Hobby Lobby and the 'Profoundly Dangerous Precedent' for Women's Rights

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Common Dreams

Hobby Lobby and the 'Profoundly Dangerous Precedent' for Women's Rights

Court hears corporate challenges to contraception mandate in ACA

by
Andrea Germanos, staff writer

The U.S. Supreme Court on Tuesday is hearing arguments in what has been called the Hobby Lobby case, which challenges the contraception mandate in the Affordable Care Act.

The mandate, which requires employers' healthcare plans to cover FDA-approved contraceptive methods, exempts houses of worship, but not for-profit corporations.

The challenge to the law comes from two separate, but related cases — Hobby Lobby Stores, Inc. v. Sebelius and Conestoga Wood Specialties Corp. v. Sebelius. The Root summarizes:

The husband-and-wife owners of the Hobby Lobby chain of craft stores argue in court papers that they do not want their employee health insurance plan to include emergency contraception that could “end human life after conception.” That is a reference to the type of contraception known as the morning-after pill.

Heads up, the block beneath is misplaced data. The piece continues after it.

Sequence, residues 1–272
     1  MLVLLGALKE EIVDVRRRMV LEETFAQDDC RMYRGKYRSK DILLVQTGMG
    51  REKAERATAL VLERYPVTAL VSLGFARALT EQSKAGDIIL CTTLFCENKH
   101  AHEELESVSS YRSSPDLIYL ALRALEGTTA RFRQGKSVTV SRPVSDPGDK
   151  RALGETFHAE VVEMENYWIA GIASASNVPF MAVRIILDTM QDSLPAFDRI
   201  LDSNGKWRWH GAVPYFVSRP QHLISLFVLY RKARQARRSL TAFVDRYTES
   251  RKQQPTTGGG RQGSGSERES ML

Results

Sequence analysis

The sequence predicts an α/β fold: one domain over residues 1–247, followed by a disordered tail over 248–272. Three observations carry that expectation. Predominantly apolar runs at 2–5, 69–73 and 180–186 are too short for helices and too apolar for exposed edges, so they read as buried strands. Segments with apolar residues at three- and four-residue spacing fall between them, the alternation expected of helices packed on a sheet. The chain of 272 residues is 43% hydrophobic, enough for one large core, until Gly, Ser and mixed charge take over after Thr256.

Conestoga goes further in its pleadings, not wanting to cover contraception that could “take a human life” or “prevent its creation through drugs and intrauterine devices.”

The cases also center around the "personhood" of corporations.  The Guardian reports:

Central to the case is whether for-profit companies have a right to exercise religious freedom under either the first amendment's free exercise clause or under a federal law, the Religious Freedom Restoration Act. Under the 1993 federal law, the government is prohibited from imposing a substantial burden on religious exercise, unless it demonstrates a compelling interest and employs the "least restrictive means" of furthering that interest.

The lower courts were split on the issue. Hobby Lobby won at the 10th circuit court of appeals, in a ruling that said the firm was a "person" under the RFRA. Conestoga Wood lost at the third circuit court of appeals, because the court said that for-profit secular corporations could not engage in religious exercise under the RFRA. The supreme court agreed to settle the rulings.

A decision siding with the for-profit companies "would set a profoundly dangerous precedent to allow businesses to deny their employees coverage for care and services essential to their reproductive health and long-term well-being on the basis of something as arbitrary as personal beliefs," stated Nancy Northup, president and CEO of the Center for Reproductive Rights.

"Just as it upheld the Affordable Care Act, the U.S. Supreme Court should take this opportunity to both protect the individual rights of employees and preserve the core benefits that this historic law provides for millions of women—benefits that are essential to their health, lives, families, and future," Northup stated.

A Court decision is expected in late June.

Twitter users in support of the mandate are marking the day with the hashtag #NotMyBossBusiness:

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